Qantas CEO calls out "politics" on domestic border closures

Alan Joyce says domestic border closures should be based on facts, medical advice and defined national standards, not politics.

By Chris Chamberlin , August 20 2020
Qantas CEO calls out

Qantas CEO Alan Joyce wants Australia to establish a “national framework” on domestic borders to more clearly define when they should close – and equally, when borders should be opened back up.

The alternative, he said, is a continuation of inconsistency and confusion which is choking not just airlines and tourism but the country's broader economic recovery. 

States and territories currently set their own rules for border openings, closures and quarantine, and have sometimes changed those requirements at short notice.

Some states such as Western Australia impose blanket bans on most visitors, including from states and territories with no community transmission of COVID-19, while others like Queensland once again have closures in place, such as for travellers from the ACT, despite the capital having no active coronavirus cases.

“Nobody has an issue with what happened with Victoria – those borders needed to be closed,” Joyce said today, referring to the 'second wave' of infections in the state.

However, he said “we still don’t understand why states with zero cases for a long time have borders closed to states with zero cases.”

“That doesn’t seem to make any medical sense, or match any (medical) advice that we’ve seen. Surely, these decisions should be based on the facts, the health advice, and the level of cases that we’re seeing around the various states.”

A better way to manage borders

Speaking to the media following Qantas' report of a $2.7 billion loss for the 2020 financial year, Joyce argued for state and territory governments to agree to a unified set of standards on borders.

Ideally, that national framework would define the standards for when borders should be closed, as well as when state borders should re-open, based on medical advice and a unified approach.

“That’s what we’re calling on, that’s what we need – otherwise, it feels like there are no rule based decisions, (they’re) just there to inform maybe the politics, and we think that eventually will cost jobs … and cause businesses to go out of business.”

“If it’s safe to do it, (borders) should be open," he stressed.

“We need to do that in a safe way, but at the moment, it’s not clear what those rules are going to be, and how they’re going to be applied – and I think that’s a problem for a lot of businesses, it’s a problem for our business, and eventually, it’s going to be a big problem for the economy.”

Virgin Australia CEO Paul Scurrah later echoed Joyce's call, appealing to the National Cabinet to establish a clear set of rules for the safe reopening of borders.

"While timelines will be unpredictable, we need to better understand the criteria by which border decisions will be made by governments and the circumstances under which they will re-open or close again," Scurrah said.

Intrastate flights grow as interstate flights cut

Normally, flights between Sydney and Melbourne don’t only form Qantas’ most popular route: it’s the second-busiest city pair for air travel in the world.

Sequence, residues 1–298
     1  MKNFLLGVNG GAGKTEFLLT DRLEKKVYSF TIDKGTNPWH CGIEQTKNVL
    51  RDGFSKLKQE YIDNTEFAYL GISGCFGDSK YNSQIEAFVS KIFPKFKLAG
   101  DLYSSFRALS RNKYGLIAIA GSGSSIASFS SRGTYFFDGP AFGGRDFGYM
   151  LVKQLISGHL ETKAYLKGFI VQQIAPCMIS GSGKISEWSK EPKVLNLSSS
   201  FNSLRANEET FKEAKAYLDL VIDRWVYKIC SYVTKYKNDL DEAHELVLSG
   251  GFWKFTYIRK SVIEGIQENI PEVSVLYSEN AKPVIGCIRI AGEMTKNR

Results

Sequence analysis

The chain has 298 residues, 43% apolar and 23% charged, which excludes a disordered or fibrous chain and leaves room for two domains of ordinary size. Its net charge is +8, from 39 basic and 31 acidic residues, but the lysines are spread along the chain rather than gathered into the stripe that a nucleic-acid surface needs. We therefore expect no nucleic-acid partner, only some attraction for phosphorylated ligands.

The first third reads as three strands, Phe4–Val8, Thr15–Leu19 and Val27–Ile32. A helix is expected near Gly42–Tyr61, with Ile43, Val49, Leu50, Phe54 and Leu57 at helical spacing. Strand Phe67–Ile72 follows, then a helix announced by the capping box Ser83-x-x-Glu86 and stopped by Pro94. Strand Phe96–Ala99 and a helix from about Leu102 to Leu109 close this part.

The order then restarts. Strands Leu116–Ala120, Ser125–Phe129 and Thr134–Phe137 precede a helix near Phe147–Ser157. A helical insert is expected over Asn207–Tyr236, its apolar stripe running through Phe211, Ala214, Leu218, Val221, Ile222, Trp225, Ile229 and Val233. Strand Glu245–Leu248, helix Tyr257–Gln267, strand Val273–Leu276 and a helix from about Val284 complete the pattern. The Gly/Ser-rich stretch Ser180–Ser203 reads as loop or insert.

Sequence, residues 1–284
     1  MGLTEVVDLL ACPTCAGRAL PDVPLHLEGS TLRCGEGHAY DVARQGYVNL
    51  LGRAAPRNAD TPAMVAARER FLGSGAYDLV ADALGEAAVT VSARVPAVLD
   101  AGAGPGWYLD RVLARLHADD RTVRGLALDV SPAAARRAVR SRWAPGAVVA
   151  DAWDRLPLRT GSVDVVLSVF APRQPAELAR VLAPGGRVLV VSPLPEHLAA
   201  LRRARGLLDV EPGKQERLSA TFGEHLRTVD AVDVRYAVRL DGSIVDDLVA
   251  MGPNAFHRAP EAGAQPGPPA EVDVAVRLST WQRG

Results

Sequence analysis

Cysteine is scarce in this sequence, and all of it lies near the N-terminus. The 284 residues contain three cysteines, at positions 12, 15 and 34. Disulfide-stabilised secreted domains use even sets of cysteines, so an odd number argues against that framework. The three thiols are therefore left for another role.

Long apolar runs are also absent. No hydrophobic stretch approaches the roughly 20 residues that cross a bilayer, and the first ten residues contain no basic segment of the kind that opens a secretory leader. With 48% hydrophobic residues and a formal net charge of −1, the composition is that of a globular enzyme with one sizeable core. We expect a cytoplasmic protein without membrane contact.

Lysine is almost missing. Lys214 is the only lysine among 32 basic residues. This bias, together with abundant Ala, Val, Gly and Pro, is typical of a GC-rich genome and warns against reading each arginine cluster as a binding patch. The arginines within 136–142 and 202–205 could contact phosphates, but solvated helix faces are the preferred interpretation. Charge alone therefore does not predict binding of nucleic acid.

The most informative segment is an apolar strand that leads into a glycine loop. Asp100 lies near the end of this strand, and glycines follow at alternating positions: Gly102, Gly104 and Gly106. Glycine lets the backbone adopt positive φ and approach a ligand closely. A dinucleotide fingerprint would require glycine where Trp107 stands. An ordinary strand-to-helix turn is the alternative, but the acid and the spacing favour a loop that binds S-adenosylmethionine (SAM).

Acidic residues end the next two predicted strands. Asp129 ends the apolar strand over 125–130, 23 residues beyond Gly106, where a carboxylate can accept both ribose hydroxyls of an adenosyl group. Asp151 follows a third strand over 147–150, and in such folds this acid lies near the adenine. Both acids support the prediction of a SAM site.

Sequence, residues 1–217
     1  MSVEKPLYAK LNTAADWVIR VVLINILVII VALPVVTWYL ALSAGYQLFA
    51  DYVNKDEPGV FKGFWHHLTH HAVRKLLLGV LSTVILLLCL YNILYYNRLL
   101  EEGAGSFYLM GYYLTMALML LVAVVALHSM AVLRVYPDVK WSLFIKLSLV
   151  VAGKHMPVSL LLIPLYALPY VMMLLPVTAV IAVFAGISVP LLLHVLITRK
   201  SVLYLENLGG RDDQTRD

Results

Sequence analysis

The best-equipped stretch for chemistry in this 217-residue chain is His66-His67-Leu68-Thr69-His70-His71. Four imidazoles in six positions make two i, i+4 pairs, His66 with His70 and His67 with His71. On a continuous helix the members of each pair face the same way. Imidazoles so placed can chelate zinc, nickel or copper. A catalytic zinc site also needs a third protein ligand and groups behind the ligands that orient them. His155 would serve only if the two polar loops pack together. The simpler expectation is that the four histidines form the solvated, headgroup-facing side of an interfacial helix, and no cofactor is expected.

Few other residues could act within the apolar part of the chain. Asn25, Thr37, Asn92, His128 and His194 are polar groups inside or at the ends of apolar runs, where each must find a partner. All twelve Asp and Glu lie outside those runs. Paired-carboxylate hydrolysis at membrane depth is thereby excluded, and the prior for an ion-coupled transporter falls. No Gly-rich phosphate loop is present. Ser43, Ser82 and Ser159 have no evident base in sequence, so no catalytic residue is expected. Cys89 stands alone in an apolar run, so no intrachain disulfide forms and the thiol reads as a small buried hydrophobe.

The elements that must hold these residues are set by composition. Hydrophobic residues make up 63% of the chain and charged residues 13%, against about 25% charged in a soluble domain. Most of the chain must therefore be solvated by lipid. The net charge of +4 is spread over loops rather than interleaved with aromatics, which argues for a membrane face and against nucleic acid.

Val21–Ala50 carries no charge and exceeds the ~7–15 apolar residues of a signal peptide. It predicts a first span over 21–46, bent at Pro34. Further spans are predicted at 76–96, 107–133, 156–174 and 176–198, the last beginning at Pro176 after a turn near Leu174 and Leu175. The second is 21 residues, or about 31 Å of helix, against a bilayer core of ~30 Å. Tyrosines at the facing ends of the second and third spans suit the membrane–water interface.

But with Victoria in lockdown and travellers flying into New South Wales from Victoria bundled into 14 days of mandatory quarantine, the Flying Kangaroo has a new hero route: Brisbane to Cairns.

“Brisbane to Cairns is now the top route in Qantas’ network, and the traffic on that is bigger than the traffic we had pre-COVID-19,” Joyce says, highlighting that when travellers can’t fly interstate, they’re looking intrastate instead.

QantasLink’s Perth-Broome flights are also ahead of what they were before COVID-19, as is Sydney-Ballina, another intrastate route.

“This is going to be a choppy recovery, borders will open and then they will close,” Joyce admits.

“But, if you have a collection of experts coming together to make fact-based decisions on what are the criteria for borders opening and closing, and a rule basis that’s very clear to everybody, I think that (would) give you the certainty and the knowledge on how things are going to work in the future.”

Also read: Qantas doesn't see USA flights resuming until the end of 2021

Chris Chamberlin

Chris Chamberlin is the Associate Editor of Executive Traveller, and lives by the motto that a journey of a thousand miles begins not just with a single step, but also a strong latte, a theatre ticket, and later in the day, a good gin and tonic.

09 Aug 2015

Total posts 43

Even if you don't always agree with AJ there's surely no argument against this suggestion. Covid19 has meant we have to deal with things we've never had to before, like border closures, and now that we have a National Cabinet this should definitely be on the agenda. Set clear rules guided by science, set 'triggers' for when certain events such as openings and closures happen, and set up monitoring to ensure everybody is on track.

15 Aug 2018

Total posts 19

Grandstanding parochial Premiers and Chief Ministers wrecking the economy while being subsidised by Jobkeeper federal money. 

Honourable exceptions to NSW and the ACT. 

The only closure remotely justified is Vic. 

Qantas - Qantas Frequent Flyer

04 Mar 2014